Anyone can grow a garden, even when space is limited. Homeowners who lack a large backyard or who own a condo or an apartment can embrace a space saving garden that grows vertically instead of the traditional horizontal style. While many perceive a garden as featuring a horizontal row of greenery, vegetable plants (and flowers, too!) can be planted in a variety of vertical styles.
Here’s how to create a vertical vegetable garden to save space and enjoy the harvest of home-grown produce!
The Hanging Garden
One of the Seven Wonders of the Ancient World was the Hanging Gardens of Babylon built by King Nebuchadnezzar II. According to The History Channel, these gardens featured flourishing greenery planted on terraces that were set up about 75 feet high.
A hanging garden is an ideal vertical solution for space-constrained homeowners who want a garden but simply have no place to plant their produce. To create this type of vertical garden, head to the home improvement store (or a local nursery) and ask for a growing bag that hangs from the wall. These growing bags can be placed outside on a fence or inside, too. Homeowners also can grow their garden in hanging baskets!
A Rack Garden
Nurseries also will have plant racks, which can be used to create a personalized vertical garden. Plant your produce in pots and place them on the rack; be sure to provide enough distance for adequate growth.
Choose plant varieties with the same sunlight requirements, and understand that the size of the rack may limit how many vegetables you can plant. Talk to a gardening expert at the nursery for advice on which veggies can be shelved together to ensure proper growth and a bountiful harvest.
Stackable Garden Pots
Embrace an avant garde vertical vegetable garden with stackable pots! These convenient planters let you create a structural vertical garden by stacking the uniquely designed pots on top of each other. These pots are advertised for veggies like tomatoes, peppers, lettuce and cucumbers and can be placed on porches or near doorways; their contemporary design also creates a decorative focal point. Mix up the veggie varieties so that when your garden blooms, the vertical garden will burst with many hues of produce.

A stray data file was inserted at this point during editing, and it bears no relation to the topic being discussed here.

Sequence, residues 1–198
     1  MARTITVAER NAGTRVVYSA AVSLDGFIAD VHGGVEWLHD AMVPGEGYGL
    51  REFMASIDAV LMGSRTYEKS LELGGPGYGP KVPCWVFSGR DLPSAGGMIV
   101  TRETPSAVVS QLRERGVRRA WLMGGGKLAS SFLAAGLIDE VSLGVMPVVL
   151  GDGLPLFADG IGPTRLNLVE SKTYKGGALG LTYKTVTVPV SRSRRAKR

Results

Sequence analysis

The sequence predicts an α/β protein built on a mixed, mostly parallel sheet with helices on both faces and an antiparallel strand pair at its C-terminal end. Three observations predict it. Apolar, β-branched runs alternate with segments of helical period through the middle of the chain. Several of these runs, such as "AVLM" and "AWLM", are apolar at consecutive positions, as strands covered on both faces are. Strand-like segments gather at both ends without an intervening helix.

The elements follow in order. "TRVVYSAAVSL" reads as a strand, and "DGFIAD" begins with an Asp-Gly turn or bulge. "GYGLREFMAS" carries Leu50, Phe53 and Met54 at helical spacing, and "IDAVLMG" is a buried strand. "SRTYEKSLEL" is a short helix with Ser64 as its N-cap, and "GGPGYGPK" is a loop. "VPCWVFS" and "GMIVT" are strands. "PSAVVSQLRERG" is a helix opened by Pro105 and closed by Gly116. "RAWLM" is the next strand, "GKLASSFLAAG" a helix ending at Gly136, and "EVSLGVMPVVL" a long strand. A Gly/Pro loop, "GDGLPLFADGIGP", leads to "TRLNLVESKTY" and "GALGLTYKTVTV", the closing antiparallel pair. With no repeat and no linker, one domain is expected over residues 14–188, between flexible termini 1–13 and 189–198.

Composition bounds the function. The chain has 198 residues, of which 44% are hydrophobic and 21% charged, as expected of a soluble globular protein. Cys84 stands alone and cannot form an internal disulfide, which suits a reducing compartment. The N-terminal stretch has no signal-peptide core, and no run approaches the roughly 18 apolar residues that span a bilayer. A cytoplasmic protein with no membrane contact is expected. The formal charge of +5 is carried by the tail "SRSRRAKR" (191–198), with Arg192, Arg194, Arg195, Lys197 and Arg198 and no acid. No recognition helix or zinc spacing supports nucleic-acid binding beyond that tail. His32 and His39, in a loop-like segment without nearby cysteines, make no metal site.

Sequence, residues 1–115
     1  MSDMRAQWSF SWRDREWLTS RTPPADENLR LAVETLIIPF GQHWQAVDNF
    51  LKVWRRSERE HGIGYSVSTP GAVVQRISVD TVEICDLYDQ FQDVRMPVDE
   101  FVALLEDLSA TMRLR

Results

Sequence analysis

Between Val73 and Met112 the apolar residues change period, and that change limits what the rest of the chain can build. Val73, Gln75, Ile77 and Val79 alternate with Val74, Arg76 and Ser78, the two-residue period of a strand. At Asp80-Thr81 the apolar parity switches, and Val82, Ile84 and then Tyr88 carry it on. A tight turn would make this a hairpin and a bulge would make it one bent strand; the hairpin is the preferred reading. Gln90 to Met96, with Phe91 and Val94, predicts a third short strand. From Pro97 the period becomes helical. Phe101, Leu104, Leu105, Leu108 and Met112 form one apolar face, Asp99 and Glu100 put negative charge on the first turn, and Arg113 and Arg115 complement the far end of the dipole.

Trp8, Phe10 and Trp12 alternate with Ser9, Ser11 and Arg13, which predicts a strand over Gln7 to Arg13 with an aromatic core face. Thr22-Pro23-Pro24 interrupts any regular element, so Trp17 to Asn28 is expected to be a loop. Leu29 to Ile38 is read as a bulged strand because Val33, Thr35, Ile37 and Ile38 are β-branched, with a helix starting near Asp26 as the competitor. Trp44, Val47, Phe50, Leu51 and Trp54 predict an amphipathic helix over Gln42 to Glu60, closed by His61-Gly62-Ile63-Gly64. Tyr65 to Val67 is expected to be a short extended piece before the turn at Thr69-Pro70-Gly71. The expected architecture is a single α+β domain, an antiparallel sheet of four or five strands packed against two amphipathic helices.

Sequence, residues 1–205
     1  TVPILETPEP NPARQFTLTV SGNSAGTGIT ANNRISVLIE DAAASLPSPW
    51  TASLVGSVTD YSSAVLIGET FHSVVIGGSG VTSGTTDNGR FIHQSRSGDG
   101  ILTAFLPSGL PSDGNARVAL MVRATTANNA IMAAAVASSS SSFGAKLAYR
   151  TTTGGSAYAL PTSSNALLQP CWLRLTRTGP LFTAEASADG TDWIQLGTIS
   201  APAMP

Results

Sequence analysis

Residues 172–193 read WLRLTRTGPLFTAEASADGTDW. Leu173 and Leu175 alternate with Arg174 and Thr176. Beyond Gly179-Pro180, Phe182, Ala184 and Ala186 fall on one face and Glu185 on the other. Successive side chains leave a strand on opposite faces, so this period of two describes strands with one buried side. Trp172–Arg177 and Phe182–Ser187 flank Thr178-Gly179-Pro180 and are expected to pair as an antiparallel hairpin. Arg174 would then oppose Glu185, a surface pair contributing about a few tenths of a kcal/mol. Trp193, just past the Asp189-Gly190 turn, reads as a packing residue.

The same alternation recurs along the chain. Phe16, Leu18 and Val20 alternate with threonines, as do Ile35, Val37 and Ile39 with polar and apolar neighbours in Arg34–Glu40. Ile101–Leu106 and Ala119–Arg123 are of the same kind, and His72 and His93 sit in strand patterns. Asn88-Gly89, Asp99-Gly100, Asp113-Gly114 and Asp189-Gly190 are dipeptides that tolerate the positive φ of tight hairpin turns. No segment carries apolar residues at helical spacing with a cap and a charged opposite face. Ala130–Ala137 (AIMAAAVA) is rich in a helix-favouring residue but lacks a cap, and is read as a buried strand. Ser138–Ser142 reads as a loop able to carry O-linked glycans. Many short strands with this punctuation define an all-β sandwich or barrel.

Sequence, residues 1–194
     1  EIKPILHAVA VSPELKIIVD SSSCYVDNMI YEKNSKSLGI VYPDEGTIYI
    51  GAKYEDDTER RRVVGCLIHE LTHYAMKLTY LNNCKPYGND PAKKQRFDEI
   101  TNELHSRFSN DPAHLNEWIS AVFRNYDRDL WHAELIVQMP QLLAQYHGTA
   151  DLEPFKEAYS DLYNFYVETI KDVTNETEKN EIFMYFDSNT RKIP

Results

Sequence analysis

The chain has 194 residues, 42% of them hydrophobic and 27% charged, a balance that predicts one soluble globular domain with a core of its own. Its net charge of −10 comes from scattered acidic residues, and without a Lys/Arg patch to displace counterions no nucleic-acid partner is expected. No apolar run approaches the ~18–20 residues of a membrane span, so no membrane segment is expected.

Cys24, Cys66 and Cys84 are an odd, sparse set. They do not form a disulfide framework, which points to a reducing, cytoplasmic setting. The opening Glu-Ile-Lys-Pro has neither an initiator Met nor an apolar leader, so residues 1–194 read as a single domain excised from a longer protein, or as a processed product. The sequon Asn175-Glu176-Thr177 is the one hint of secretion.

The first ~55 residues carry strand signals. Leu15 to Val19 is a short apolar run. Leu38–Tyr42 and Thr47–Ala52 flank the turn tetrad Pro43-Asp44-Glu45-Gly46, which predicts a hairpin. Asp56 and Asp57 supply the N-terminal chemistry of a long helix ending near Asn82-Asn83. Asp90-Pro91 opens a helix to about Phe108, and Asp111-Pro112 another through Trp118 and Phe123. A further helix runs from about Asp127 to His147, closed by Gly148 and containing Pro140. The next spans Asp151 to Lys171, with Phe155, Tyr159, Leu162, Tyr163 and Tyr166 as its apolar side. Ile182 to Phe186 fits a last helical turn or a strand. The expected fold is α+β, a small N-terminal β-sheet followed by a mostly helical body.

A Trellis or Arch Garden
If you have a small backyard, plant a trellis or arch garden. This type of vertical vegetable garden allows plants to grow up the structure. These types of vertical gardens are best suited to vegetable plants that are vine-like; these plants will creep up the trellis as they grow!
What Vegetables Grow Well in a Vertical Garden?
Depending on the design and type of your vertical vegetable garden, certain vegetable varieties may be better suited than others.
If you’re unsure about which vegetables are best suited for your garden, talk to an expert at your local nursery. Whether you’re planting a rack garden, hanging garden or a stackable vertical garden, there are many types of veggies that will thrive in a vertical space!
Savvy Gardener recommends pole beans, peas, cucumbers, summer squash, melons and ‘vining tomatoes’ for trellis vertical gardens.
How Do Plants Grow Vertically?
Some plants in your vertical garden can grow vertically without issue. Others need support to grow tall. Tomatoes are an easy vertical choice. Melons and other vines may need extra support and do well with a trellis.
Carrots, radishes and garlic are root vegetables and shouldn’t need support; these veggies do great in a vertical garden. Just make sure they have enough room to take root in the soil!
Vertical Garden Upkeep
The maintenance of a vertical garden depends on the varieties of vegetables planted in the garden. Some need lots of sunlight and need to be watered on schedule. Others may be less fastidious.
Homeowners should choose vegetables that they can readily maintain. If you don’t have the time to care for the plants, your harvest will not be plentiful. Research veggies to determine which choices are best suited for the region…and personal lifestyle.
Some homeowners don’t have a natural green thumb. For this reason, choose heartier plants that are low-maintenance. The Old Farmer’s Almanac recommends beets, carrots, cucumbers and peas (and a few others!) for easy-to-grow options.
Vertical vegetable gardens offer a space-saving solution for homeowners who want to grow their own produce but don’t have the land space to do so. Vertical gardens can be constructed in a myriad of designs. Opt for hanging baskets, trellis structures for climbing veggie vines, stacking pots, or a rack or shelf structure (for pots). For those lacking a green thumb, choose easy to maintain varieties like carrots or cucumbers.
No matter where you live or what design you choose, a vertical garden offers homeowners with the opportunity to embrace a more sustainable and self-sufficient way of living; growing food at home means less dependency on stores, which saves gas, time and money while lowering the individual carbon footprint.